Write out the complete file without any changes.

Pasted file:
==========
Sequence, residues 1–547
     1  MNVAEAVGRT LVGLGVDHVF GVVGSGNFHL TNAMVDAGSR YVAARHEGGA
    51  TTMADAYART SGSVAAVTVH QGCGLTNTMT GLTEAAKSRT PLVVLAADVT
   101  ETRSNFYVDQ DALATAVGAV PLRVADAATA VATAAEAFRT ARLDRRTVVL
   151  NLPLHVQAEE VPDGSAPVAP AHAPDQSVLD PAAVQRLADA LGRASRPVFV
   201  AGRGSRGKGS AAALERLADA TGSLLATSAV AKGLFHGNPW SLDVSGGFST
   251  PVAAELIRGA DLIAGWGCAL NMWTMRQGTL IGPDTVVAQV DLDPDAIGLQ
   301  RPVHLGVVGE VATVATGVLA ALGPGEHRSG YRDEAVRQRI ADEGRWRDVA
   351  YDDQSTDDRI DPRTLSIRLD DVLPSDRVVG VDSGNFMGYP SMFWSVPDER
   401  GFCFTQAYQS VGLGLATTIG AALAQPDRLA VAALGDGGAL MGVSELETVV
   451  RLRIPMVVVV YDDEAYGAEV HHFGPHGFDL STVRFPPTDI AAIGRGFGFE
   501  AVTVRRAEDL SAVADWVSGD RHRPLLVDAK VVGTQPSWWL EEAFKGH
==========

Sequence, residues 1–547
     1  MNVAEAVGRT LVGLGVDHVF GVVGSGNFHL TNAMVDAGSR YVAARHEGGA
    51  TTMADAYART SGSVAAVTVH QGCGLTNTMT GLTEAAKSRT PLVVLAADVT
   101  ETRSNFYVDQ DALATAVGAV PLRVADAATA VATAAEAFRT ARLDRRTVVL
   151  NLPLHVQAEE VPDGSAPVAP AHAPDQSVLD PAAVQRLADA LGRASRPVFV
   201  AGRGSRGKGS AAALERLADA TGSLLATSAV AKGLFHGNPW SLDVSGGFST
   251  PVAAELIRGA DLIAGWGCAL NMWTMRQGTL IGPDTVVAQV DLDPDAIGLQ
   301  RPVHLGVVGE VATVATGVLA ALGPGEHRSG YRDEAVRQRI ADEGRWRDVA
   351  YDDQSTDDRI DPRTLSIRLD DVLPSDRVVG VDSGNFMGYP SMFWSVPDER
   401  GFCFTQAYQS VGLGLATTIG AALAQPDRLA VAALGDGGAL MGVSELETVV
   451  RLRIPMVVVV YDDEAYGAEV HHFGPHGFDL STVRFPPTDI AAIGRGFGFE
   501  AVTVRRAEDL SAVADWVSGD RHRPLLVDAK VVGTQPSWWL EEAFKGH